Distinguished Professor of Chemistry
Graham Cooks envisions a day when everyone will carry their own handheld sensing system, not unlike “Star Trek's” tricorder device, to instantly test foods for the presence of bacteria or pesticides.
Now he is turning his attention to developing a technology with the potential to more quickly identify food-borne pathogens. The technology's application could aid U.S. homeland security officials and other personnel in responding to a bioterrorist attack or other emergencies.
In fact, researchers in his Purdue lab have been making strides in developing just such a technology. They’ve created a portable, ultra-fast chemical-analysis tool that has numerous promising uses for detecting everything from cancer in the liver to explosives residues on luggage and "biomarkers" in urine that provide an early warning for diseases.
The instrument is a miniature mass spectrometer combined with a technique called desorption electrospray ionization, or DESI.
The technology is being used by industry for applications such as pharmaceutical research and drug manufacturing. However, Cooks, the Henry B. Hass Distinguished Professor of Chemistry, won’t be satisfied until it’s in widespread use by the general public. This day may be drawing near, he says, because a new DESI-like technique allows instantaneous analysis of fruits and veggies.
A moist towelette is swiped over a piece of produce and then analyzed by the portable mass spectrometer, immediately indicating the presence and identity of pesticides.
Late in the day: This researcher does his best thinking late in the day, after working 12 hours or more; the later in the day, the better. “That’s when you start to fire on more neurons,” he says. “And the more neurons you fire up the better you think and the faster you think.”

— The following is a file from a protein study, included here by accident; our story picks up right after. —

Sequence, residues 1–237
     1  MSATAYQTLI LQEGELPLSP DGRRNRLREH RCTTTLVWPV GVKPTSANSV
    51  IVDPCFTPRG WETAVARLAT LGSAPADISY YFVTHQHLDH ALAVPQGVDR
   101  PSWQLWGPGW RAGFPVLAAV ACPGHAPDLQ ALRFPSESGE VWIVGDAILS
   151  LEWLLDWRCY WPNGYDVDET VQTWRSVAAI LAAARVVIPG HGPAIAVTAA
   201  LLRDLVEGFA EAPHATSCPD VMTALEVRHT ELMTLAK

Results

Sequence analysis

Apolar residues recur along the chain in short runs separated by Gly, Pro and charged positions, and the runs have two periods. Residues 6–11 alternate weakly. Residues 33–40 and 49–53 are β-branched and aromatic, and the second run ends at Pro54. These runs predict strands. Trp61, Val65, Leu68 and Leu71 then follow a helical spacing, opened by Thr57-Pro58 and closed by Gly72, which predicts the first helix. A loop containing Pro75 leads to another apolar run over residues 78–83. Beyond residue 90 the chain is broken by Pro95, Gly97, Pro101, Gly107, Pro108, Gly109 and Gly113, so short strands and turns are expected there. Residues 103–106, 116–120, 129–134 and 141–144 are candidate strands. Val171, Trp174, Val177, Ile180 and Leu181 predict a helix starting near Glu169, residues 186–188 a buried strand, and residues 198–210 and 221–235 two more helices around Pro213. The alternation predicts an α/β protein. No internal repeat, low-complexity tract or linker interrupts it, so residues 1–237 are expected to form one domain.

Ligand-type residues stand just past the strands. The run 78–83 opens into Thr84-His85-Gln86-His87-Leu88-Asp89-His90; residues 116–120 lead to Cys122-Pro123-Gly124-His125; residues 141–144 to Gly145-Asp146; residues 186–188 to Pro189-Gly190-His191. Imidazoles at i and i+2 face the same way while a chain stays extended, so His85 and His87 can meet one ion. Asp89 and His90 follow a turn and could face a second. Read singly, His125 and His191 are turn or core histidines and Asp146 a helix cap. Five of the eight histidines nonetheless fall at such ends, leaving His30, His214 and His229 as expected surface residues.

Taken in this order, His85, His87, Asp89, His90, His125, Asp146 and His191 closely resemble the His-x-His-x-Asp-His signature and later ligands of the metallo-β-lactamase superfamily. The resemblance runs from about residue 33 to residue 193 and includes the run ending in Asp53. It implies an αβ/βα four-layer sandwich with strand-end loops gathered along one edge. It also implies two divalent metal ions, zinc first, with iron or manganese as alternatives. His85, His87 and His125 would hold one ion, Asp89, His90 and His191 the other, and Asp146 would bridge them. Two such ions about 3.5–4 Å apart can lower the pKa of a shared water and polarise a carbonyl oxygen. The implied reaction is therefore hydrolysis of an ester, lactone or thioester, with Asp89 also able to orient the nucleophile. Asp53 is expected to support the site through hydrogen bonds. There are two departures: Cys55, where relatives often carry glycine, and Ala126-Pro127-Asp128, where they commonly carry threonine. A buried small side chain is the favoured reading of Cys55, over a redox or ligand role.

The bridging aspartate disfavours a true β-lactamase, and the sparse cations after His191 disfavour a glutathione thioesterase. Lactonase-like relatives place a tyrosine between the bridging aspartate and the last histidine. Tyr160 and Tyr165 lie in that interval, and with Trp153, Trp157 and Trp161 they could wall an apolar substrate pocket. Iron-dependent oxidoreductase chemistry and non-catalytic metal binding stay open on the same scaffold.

For the common good: Cooks’ work is inspired by the drive to make a contribution. “I think most people want to improve the common good, no matter what their form of expression,” he says. “Chemistry is perfectly analogous to poetry or sculpting, and research is just another way of getting stuff done.”
Putting research to work: “Having been involved with technologies that have practical application, I would like to see them go all the way; to utilization on a daily basis in society,” Cooks says. That would include the likes of cancer diagnostics through DESI; and contributions to food safety, to public safety and to clinical analysis through related rapid detection technologies. “I would like everybody to have a little miniature mass spectrometer for themselves,” he says.
It’s the journey that counts: Cooks relates to “The Myth of Sisyphus” by Albert Camus. It’s the tale of Sisyphus, who rolls a rock to the top of the mountain, stops and has one moment to look around and reflect. And then he lets the rock go. It rolls down the mountain. He trudges after it and proceeds to push it up the mountain again, and again, interminably. “It’s that little pause at the top,” Cooks says. “That’s when I see my successes: during the journey.”